How Data Dredging Increases Productivity?

Data dredging, also known as significance chasing, significance questing, selective inference, and p-hacking is the misuse of data analysis to find patterns in data that can be presented as statistically significant, thus dramatically increasing and understating the risk of false positives.

The core problem of many statistical tests is that the underlying population characteristics tested (or supposed to be tested) are not generally included in the sample used for statistical analysis. For example, say that you are conducting a study to determine whether or not certain diseases affect children differently from adults; to do so, you would have to sample the families of children who may have been diagnosed with each disease individually, as well as the families of adults who may have been diagnosed with the disease. The sample size needed would depend on the number of disease cases that each family would represent. This way, it is hoped that disease-specific profiles can emerge from the statistical analysis.

Once the hypothesis to be tested is determined, however, how do you draw a conclusion about it? There are two ways that researchers go about testing a hypothesis. One way is to use statistics to analyze previous studies’ results and draw your conclusions from these analyses. The second way is to look at the real world – do something that has already been done, and draw your conclusions from the known facts. In both cases, it is important to remember that your conclusions may not ultimately reflect what the public wants to hear but rather factual.

One problem with the first method is that it is very easy to fabricate a false positive simply because the expected results will be small. If the number of false results is relatively small, there is no point in continuing with the research simply because there are no results to show your hypothesis. The other problem with hypothesis testing is that it can easily become hit and miss which hypothesis is correct. In these circumstances, data dredging methods can help increase the chance of reaching a correct conclusion.

Data dredging involves the researcher randomly selecting a set of data points, or ‘data sets,’ and then examining them to see any patterns emerging from them. For example, they might randomly select a number of businesses from a telephone directory, telephone survey, or customer list. By examining the differences between these businesses and their customers, they can examine which businesses have the highest sales, which have the highest returns on investment, and which have the lowest prices. From this, they can draw statistical comparisons between the sample’s characteristics and the population to see whether there is a significant difference in the characteristics that they are studying.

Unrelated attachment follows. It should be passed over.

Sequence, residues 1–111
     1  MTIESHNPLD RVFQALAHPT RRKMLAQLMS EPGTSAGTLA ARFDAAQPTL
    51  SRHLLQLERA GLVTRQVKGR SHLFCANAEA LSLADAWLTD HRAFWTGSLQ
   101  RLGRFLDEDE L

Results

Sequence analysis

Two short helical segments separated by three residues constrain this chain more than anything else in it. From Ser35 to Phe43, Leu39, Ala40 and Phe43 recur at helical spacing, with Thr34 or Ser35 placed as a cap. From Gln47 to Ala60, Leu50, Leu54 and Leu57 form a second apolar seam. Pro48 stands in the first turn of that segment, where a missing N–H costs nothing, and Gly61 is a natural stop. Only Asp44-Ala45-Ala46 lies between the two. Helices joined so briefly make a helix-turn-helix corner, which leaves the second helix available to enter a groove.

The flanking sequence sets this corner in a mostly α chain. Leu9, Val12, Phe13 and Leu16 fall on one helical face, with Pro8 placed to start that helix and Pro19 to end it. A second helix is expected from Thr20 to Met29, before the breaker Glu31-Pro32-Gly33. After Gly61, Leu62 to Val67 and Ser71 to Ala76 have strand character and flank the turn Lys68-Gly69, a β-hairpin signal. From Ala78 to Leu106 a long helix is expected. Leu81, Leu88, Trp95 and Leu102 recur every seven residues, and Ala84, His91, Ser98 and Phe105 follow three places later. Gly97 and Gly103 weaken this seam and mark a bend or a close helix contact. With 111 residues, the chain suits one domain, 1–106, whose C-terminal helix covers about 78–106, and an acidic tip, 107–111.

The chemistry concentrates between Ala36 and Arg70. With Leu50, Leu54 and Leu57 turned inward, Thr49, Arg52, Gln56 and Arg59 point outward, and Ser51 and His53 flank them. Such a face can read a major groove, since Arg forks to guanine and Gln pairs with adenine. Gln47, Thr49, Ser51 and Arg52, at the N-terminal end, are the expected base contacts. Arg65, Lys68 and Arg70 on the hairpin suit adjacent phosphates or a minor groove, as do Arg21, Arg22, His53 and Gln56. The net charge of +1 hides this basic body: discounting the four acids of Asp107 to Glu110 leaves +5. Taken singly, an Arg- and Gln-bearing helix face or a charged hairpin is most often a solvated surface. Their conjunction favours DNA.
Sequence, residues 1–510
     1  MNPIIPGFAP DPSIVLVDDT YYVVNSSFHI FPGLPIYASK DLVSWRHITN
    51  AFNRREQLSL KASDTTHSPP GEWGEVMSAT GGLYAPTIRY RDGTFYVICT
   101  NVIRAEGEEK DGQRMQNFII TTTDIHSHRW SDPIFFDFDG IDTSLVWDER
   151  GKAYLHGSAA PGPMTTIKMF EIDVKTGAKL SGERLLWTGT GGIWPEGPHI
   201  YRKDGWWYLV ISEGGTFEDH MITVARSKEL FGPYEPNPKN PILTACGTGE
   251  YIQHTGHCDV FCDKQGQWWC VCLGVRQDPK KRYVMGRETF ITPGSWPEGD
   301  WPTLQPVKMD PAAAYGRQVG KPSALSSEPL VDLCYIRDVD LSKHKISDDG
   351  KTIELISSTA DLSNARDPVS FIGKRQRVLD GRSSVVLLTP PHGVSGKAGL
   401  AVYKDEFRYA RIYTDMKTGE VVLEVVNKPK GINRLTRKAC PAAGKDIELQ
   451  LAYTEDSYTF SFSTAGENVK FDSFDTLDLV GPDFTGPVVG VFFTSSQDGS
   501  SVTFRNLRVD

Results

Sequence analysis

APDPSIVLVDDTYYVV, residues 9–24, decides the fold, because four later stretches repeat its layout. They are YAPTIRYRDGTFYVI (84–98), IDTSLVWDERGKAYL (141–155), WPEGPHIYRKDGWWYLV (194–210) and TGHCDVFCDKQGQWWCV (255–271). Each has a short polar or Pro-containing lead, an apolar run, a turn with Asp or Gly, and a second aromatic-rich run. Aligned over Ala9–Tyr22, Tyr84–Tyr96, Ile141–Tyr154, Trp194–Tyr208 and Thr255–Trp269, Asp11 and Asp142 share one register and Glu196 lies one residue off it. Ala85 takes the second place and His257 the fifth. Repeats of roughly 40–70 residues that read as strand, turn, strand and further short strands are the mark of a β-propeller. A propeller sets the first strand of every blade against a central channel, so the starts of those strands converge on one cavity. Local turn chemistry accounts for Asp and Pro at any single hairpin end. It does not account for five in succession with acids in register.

As mentioned, dredging provides an opportunity for multiple modeling to be conducted to increase the chances of arriving at correct conclusions. In simple terms, multiple modeling is when a set of results, or models, from your dredging study, are compared against each other. For instance, an investor might want to know the effect that a given asset’s price will have on its profits over time and then compare these results against the prices recorded by historical markets. The same process could be used when trying to evaluate the profitability of different operations. By using multiple models, rather than each model separately, a more accurate answer can be achieved.

When multiple modeling techniques are combined, there is a greater chance that the final model will be predictive. In other words, the results from all of the techniques combined are derived from the same underlying assumptions about the market and are then combined into a single model, which gives the best overall result. While this is not technically possible with data dredging alone, a model likely generated using the combined results will give an accurate result. This is because all the model assumptions are true, which increases the likelihood that the end result is accurate.

It’s not difficult to see how much more accurate a model run using data dredging will be if the process of combining multiple techniques is also combined. Consider for a moment that you could use simple regression to determine the relationship between price and volume. However, if you were to use the regression to only look at the price component, it would only be as accurate as calculating a constant. A more accurate result could only be obtained if the model used was coupled with a model run using the relationship between price and volume.

Data dredging, sometimes called significance hunting, relevance seeking, or p-hacking, is the abuse of statistical power, often coupled with other computer skills, to seek out patterns in large consolidated databases which are suggestive of prior probabilities, thereby dramatically boosting the statistical likelihood of finding an actual relationship between a variable and its dependent variables.

The same is true when combining data dredging with models of other types. Consider the common method of correlation between variables. This is normally used in economics but can also be used in many industries. Two models could be constructed from the same data and then used to predict the effect on one variable’s price while ignoring the other. However, this method assumes that all other factors have been controlled, which greatly reduces its predictive power. It could be said that data dredging significantly improves the predictive power of multiple models.

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